Justin Fairfax Accuses Terry McAuliffe of Treating Him Like Emmett Till 1

At a debate for Virginia governor, Mr. Fairfax, the state’s lieutenant governor, denounced Mr. McAuliffe for urging him to resign after women accused Mr. Fairfax of sexual assault in 2019.

Terry McAuliffe, the leading candidate in this year’s Democratic primary for Virginia governor, faced a flurry of attacks from his rivals at a debate on Tuesday night as they aimed to diminish his broad support from Black voters. In the most extraordinary broadside, the state’s Black lieutenant governor, Justin Fairfax, accused Mr. McAuliffe of treating him like George Floyd or Emmett Till after Mr. Fairfax was accused of sexual assault by two women in 2019.

Mr. McAuliffe, a white former governor of the state who has the backing of many of the state’s top Black elected officials, issued a public call that year for Mr. Fairfax to resign.

Mr. Fairfax’s remarks on Tuesday — in which he compared himself to two Black people killed in episodes of white violence — were the most pointed attempt by one of the three Black candidates in the race to draw a racial distinction between them and Mr. McAuliffe, who is aiming to reclaim the office he held from 2014 to 2018.

The accusation came at the end of the debate, the first for the five Virginia Democrats running for governor. Responding to a question asking the candidates to envision the future of law enforcement in Virginia, Mr. Fairfax said theoretical descriptions were unnecessary because he was a living embodiment of the harm that false accusations and a rush to judgment can produce.

“Everyone here on this stage called for my immediate resignation, including Terry McAuliffe three minutes after a press release came out,” Mr. Fairfax said. “He treated me like George Floyd, he treated me like Emmett Till, no due process, immediately assumed my guilt. I have a son and I have a daughter, and I don’t want my daughter to be assaulted, I don’t want my son to be falsely accused. And this is the real world that we live in. And so we need to speak truth to power and we need to be very clear about how that impacts people’s lives.”

Mr. McAuliffe did not respond to Mr. Fairfax on the debate stage. His spokesman declined to address the remarks.

In February 2019, amid a concurrent scandal involving a medical school yearbook photograph of Gov. Ralph Northam in blackface, two women accused Mr. Fairfax of sexually assaulting them in separate episodes — allegations that Mr. Fairfax has always denied. Mr. Fairfax faced a torrent of calls for his resignation. Weeks later, in a speech on the floor of the Virginia Senate, he compared himself to lynching victims.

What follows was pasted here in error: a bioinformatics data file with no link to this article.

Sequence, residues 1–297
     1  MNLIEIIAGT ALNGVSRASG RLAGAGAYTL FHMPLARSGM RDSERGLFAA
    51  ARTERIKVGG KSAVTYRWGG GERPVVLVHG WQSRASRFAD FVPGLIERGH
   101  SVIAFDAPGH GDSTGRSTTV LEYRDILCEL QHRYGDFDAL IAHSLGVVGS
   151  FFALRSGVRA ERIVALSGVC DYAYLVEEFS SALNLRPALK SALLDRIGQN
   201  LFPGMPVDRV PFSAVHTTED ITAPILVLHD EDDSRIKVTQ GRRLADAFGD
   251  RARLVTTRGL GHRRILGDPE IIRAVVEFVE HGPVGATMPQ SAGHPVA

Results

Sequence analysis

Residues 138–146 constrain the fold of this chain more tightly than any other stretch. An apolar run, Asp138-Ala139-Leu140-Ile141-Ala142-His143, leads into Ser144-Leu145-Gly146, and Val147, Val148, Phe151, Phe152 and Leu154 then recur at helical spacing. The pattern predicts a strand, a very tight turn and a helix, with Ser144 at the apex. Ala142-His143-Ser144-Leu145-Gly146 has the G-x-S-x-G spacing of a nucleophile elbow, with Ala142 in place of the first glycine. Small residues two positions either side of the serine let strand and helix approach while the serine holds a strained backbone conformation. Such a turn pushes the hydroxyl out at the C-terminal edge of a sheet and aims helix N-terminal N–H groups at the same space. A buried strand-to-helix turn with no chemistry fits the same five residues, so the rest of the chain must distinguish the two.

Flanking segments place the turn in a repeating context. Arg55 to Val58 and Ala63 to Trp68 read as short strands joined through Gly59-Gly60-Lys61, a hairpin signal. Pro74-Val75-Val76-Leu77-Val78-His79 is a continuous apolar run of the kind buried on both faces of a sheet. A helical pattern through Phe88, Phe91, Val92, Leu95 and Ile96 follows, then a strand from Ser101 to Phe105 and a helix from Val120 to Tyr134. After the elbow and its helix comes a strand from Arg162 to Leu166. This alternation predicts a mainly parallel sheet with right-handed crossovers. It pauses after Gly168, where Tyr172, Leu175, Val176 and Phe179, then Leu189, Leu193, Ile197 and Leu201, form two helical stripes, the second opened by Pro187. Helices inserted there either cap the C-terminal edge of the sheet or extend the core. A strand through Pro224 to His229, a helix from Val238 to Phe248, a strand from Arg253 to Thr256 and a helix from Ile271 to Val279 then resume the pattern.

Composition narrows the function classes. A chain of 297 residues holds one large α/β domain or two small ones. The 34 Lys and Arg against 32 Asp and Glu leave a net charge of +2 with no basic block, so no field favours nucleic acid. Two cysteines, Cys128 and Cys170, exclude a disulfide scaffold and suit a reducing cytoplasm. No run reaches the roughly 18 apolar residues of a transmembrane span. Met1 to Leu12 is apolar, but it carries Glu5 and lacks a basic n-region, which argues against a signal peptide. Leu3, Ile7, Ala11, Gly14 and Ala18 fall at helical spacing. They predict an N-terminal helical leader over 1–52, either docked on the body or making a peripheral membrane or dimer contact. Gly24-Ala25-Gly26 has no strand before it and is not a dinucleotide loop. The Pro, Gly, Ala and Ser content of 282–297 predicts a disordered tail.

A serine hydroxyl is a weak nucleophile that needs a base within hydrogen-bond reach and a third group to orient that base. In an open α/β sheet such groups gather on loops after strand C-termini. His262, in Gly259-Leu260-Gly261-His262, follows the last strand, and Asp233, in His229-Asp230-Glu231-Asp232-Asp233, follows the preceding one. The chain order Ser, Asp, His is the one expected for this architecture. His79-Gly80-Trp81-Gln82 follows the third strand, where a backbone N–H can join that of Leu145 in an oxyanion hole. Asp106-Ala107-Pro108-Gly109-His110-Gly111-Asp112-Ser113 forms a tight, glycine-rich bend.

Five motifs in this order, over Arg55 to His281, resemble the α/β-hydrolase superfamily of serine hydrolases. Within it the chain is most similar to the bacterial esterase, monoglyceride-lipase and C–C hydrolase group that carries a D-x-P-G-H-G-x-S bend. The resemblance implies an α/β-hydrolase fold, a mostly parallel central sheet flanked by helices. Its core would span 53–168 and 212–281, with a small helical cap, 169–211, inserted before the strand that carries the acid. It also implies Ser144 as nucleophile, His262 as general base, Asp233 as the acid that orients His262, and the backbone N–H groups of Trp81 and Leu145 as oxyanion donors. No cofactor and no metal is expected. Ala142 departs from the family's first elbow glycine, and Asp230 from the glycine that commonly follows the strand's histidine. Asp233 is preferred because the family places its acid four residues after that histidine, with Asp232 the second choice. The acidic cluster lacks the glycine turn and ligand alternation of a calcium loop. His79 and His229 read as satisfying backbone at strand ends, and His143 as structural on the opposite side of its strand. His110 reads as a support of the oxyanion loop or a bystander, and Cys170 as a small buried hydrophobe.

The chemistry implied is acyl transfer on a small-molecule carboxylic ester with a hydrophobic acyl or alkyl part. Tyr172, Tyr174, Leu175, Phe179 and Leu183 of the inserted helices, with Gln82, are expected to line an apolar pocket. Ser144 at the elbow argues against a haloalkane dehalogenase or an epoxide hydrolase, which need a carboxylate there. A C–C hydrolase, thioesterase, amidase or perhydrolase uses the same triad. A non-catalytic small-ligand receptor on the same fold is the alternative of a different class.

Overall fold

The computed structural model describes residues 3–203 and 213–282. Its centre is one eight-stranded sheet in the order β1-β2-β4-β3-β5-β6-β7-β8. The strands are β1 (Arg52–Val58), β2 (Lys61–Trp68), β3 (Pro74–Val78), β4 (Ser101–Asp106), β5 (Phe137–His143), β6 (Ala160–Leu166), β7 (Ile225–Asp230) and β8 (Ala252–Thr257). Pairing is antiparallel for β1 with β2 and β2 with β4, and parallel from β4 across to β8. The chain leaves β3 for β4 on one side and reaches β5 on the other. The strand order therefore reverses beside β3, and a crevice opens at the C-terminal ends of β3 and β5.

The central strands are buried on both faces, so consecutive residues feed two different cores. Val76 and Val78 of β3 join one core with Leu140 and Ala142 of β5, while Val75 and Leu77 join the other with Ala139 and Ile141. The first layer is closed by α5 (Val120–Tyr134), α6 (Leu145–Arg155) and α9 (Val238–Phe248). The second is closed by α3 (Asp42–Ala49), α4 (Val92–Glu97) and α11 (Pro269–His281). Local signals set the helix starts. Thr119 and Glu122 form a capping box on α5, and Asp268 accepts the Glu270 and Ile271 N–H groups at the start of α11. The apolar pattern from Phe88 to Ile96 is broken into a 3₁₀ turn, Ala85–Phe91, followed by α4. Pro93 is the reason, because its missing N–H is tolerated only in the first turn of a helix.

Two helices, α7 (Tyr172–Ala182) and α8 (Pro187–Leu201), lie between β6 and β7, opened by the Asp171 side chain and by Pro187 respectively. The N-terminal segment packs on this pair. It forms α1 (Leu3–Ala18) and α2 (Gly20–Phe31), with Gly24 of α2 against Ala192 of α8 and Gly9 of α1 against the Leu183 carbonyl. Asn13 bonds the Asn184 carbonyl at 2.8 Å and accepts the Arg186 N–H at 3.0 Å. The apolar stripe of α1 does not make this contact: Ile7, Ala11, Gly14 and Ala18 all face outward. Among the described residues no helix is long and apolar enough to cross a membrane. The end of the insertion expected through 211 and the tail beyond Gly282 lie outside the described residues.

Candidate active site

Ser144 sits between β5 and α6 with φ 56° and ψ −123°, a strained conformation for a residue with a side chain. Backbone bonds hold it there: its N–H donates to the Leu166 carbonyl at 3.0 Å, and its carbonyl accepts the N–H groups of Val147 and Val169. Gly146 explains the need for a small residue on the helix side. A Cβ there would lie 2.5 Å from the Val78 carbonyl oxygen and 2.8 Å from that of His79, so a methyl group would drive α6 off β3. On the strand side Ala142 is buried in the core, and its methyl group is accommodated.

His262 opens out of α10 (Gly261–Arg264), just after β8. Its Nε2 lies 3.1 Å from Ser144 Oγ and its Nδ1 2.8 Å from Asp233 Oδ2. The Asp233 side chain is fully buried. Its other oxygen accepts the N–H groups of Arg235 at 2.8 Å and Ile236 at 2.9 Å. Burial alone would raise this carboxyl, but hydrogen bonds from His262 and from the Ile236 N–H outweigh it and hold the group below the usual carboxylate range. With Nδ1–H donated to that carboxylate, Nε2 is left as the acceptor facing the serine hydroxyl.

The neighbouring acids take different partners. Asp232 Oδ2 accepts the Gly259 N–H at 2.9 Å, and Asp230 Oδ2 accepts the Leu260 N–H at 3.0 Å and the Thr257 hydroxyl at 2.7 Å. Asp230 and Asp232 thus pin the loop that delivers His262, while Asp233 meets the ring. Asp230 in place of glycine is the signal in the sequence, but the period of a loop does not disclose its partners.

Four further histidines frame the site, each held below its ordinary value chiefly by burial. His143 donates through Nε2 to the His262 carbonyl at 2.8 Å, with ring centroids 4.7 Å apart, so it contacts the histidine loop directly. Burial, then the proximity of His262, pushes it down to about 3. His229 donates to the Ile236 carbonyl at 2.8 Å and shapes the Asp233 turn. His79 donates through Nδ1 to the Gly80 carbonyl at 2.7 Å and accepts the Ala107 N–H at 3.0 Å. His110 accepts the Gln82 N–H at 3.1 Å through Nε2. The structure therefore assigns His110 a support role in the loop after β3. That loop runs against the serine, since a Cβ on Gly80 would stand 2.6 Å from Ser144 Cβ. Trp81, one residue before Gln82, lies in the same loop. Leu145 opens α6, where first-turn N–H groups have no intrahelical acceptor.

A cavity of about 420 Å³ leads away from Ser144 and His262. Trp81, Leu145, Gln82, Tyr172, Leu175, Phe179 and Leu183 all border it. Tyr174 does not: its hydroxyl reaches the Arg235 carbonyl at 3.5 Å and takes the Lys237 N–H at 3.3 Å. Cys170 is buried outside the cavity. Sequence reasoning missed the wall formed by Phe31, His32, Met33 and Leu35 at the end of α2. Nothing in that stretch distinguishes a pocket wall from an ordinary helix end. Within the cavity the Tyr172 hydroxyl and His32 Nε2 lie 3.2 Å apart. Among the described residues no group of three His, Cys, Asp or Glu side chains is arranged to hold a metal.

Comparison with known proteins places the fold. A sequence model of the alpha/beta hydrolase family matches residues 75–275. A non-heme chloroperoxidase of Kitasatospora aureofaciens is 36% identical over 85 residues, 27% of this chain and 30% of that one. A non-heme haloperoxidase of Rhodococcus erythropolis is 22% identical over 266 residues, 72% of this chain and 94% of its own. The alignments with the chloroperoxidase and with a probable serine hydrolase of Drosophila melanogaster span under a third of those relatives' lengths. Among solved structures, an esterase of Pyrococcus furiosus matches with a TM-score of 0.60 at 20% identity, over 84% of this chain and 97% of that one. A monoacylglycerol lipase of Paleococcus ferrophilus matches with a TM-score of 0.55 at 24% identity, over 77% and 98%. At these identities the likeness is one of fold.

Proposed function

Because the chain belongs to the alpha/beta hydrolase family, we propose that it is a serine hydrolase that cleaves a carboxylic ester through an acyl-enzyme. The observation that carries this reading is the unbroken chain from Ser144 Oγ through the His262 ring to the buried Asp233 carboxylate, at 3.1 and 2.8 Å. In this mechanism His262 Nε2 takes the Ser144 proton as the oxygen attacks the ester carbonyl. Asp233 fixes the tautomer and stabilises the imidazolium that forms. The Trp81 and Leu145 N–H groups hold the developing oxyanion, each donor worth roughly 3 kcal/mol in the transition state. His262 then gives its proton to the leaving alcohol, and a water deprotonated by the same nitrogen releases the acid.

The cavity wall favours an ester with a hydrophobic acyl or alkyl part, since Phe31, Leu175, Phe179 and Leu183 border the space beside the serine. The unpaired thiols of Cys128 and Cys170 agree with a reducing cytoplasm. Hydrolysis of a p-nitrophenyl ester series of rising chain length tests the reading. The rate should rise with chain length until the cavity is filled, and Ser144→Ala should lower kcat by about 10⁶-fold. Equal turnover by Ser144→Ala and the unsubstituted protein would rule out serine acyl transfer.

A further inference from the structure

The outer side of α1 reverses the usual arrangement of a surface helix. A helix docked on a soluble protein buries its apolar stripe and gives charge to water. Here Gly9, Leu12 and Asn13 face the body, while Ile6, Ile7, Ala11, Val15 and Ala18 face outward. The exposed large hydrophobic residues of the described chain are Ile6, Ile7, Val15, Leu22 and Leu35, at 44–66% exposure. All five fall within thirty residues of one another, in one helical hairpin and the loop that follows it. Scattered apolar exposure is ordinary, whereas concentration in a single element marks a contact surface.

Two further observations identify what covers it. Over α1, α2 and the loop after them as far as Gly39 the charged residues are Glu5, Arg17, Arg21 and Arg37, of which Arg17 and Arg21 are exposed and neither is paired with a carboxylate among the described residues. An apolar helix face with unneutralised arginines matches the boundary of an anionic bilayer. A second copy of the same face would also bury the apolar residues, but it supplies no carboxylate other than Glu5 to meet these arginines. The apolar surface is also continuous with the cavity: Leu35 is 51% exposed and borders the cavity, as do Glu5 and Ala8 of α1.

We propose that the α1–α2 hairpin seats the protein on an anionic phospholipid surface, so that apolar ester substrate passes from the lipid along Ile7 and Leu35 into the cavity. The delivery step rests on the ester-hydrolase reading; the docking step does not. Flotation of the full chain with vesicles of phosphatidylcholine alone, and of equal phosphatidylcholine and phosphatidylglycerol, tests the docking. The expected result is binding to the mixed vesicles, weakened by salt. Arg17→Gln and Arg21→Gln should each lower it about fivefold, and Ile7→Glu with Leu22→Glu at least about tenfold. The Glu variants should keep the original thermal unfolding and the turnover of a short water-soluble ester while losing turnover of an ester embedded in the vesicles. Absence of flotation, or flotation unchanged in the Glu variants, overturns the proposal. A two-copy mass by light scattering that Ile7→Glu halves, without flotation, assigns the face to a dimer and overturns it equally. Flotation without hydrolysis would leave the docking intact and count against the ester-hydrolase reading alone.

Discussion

Mr. Fairfax was not the only candidate on Tuesday night to try to cleave Black voters from Mr. McAuliffe. The scant public polling of the race has found Mr. McAuliffe holding sizable leads over his four opponents, and no survey has shown him with less than a two-to-one advantage over his closest rival.

Jennifer McClellan, a state senator who is running for governor, accused Mr. McAuliffe of underfunding the state’s parole system, cutting deals with the National Rifle Association during his term as governor and being a late advocate for racial justice.

“Racial justice is about more than criminal justice reform,” said Ms. McClellan, who is Black. “It is embedded in every system we have in government, and I did not need George Floyd’s murder or the Unite the Right rally to teach me that.”

Mr. McAuliffe, during his turns to speak, emphasized his relationships with Mr. Northam and President Biden, two Democrats who both owe their offices to strong relationships with and support from Black voters. He highlighted his move to restore the voting rights of 206,000 felons in the state and said every police officer in the state should wear a body camera “so we can see what’s going on.”

“Thank goodness we had all those individuals there who had those cellphones when George Floyd was murdered,” he said.

Mr. McAuliffe barely mentioned his rivals during the debate, except to remind the audience that Ms. McClellan was a frequent partner of his when he was governor. But Mr. Fairfax, by the debate’s end, sought to define himself as the chief rival to the loquacious former governor.

“There appears to be two sets of rules up here, one where the governor can talk as long as he wants to and do whatever he wants, and one for everybody else,” Mr. Fairfax said. “I think that’s part of the issue, that we do have so many disparities in our society.”